Coronary CTA bests exercise ECG in predicting future events

  • Singh T & al.
  • JAMA Cardiol
  • 08.06.2020

  • von Emily Willingham, PhD
  • Clinical Essentials
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Takeaway

  • Abnormal findings on exercise ECG can predict need for later coronary revascularization and acute coronary event risk in stable angina, but coronary CT angiography (CTA) outperforms it.

Why this matters

  • European guidance has deemphasized exercise ECG for assessing stable angina.
  • Editorial: this post hoc analysis of the SCOT-HEART randomized controlled trial adjusted the original cohort so much that it should be viewed as “essentially an observational study” and expresses several other concerns about the study.
    • The findings suggest that exercise ECG “still has value,” the editorial writer says.

Key results

  • Exercise ECG had 39% sensitivity and 91% specificity for detecting obstructive coronary artery disease (CAD) in patients who later had revascularization.
  • Abnormal exercise ECG findings were linked to:
    • 14.47-fold increased 1-year coronary revascularization (P<.001>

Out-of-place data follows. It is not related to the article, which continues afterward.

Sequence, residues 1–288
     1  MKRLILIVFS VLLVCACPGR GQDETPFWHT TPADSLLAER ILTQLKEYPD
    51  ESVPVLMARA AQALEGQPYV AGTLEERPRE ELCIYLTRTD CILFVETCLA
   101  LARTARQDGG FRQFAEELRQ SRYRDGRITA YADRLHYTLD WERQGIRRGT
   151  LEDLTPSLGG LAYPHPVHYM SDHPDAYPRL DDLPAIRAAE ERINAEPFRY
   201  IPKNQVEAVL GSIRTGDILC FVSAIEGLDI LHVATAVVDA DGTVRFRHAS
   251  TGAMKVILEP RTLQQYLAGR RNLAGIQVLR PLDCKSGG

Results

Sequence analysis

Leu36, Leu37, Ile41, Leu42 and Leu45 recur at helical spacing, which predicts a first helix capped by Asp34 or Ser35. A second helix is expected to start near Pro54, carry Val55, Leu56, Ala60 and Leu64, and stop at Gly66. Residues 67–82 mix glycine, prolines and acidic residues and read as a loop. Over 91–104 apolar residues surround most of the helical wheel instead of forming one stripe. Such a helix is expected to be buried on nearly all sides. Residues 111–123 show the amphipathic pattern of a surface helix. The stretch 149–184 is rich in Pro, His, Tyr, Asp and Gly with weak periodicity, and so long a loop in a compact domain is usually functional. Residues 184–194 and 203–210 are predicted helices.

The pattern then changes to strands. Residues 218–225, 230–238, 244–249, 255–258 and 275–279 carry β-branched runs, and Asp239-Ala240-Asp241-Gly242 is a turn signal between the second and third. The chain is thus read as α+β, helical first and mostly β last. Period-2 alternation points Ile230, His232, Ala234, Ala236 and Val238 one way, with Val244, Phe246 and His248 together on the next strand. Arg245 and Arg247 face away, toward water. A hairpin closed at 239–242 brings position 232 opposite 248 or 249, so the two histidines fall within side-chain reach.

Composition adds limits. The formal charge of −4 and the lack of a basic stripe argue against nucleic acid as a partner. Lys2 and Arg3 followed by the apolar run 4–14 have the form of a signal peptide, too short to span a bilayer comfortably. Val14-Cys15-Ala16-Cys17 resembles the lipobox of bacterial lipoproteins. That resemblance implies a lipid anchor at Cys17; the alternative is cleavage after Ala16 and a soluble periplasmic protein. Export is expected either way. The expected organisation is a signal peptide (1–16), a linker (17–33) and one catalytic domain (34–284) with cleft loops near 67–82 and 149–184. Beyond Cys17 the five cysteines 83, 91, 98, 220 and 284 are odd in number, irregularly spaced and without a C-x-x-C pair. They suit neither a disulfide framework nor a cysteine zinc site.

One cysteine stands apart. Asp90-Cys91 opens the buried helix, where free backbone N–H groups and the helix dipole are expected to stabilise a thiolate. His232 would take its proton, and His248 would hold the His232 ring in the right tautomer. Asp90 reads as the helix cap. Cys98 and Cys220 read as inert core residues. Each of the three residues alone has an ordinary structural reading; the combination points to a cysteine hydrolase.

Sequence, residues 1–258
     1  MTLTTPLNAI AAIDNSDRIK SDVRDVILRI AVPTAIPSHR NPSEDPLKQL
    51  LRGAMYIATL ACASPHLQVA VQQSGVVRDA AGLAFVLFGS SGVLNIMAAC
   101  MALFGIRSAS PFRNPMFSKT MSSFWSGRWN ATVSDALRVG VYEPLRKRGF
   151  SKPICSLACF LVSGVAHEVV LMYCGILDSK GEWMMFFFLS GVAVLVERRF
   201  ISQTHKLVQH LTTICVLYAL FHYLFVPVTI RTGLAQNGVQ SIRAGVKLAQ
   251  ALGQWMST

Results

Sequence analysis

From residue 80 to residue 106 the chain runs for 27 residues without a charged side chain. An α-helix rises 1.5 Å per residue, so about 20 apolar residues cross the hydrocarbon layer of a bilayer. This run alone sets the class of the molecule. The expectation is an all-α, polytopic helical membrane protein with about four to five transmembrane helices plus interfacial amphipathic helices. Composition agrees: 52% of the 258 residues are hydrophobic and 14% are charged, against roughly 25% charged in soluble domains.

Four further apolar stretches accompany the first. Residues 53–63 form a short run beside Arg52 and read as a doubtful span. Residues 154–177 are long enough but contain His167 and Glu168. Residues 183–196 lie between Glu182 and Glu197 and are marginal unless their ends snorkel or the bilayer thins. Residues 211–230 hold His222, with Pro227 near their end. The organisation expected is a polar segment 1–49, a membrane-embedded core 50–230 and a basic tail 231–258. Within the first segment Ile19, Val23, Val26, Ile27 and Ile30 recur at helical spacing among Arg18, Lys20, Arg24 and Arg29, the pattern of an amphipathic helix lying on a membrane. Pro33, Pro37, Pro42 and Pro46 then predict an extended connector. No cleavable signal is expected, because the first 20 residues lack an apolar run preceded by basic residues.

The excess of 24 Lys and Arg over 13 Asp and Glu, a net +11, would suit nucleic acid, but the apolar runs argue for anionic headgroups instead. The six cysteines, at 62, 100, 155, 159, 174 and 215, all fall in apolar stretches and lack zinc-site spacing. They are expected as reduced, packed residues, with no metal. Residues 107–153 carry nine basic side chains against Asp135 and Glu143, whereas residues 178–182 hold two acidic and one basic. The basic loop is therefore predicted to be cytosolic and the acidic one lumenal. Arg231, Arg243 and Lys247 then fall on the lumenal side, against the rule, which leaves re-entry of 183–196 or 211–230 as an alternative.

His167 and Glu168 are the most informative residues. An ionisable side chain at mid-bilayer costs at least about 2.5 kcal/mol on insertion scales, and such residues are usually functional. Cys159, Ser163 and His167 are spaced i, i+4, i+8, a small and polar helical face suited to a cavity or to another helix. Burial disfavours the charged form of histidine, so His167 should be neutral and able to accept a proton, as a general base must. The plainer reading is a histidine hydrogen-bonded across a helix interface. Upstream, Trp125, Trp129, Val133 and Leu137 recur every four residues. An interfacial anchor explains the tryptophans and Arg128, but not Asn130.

• 2.57-fold increased coronary heart disease mortality/nonfatal myocardial infarction at 5 years (P<.001>
  • With abnormal coronary CTA vs normal, HRs:
    • For 5-year coronary heart disease mortality/nonfatal myocardial infarction: 10.63 (P=.002).
    • For 5-year nonobstructive CAD: 5.32 (P=.03).
  • Patients who had normal or inclusive exercise ECG findings were likelier to have obstructive disease on CTA (79%) vs patients in standard care (24%).

Study design

  • Original SCOT-HEART involved 12 cardiology chest pain clinics in Scotland, from November 18, 2010 to September 24, 2014.
  • Current analysis included 3283 patients from original trial.
  • Funding: Scottish Government; British Heart Foundation; others.

Limitations

  • Post hoc analysis.
  • Findings are “hypothesis generating,” the authors say.
  • Exercise ECG was not randomized.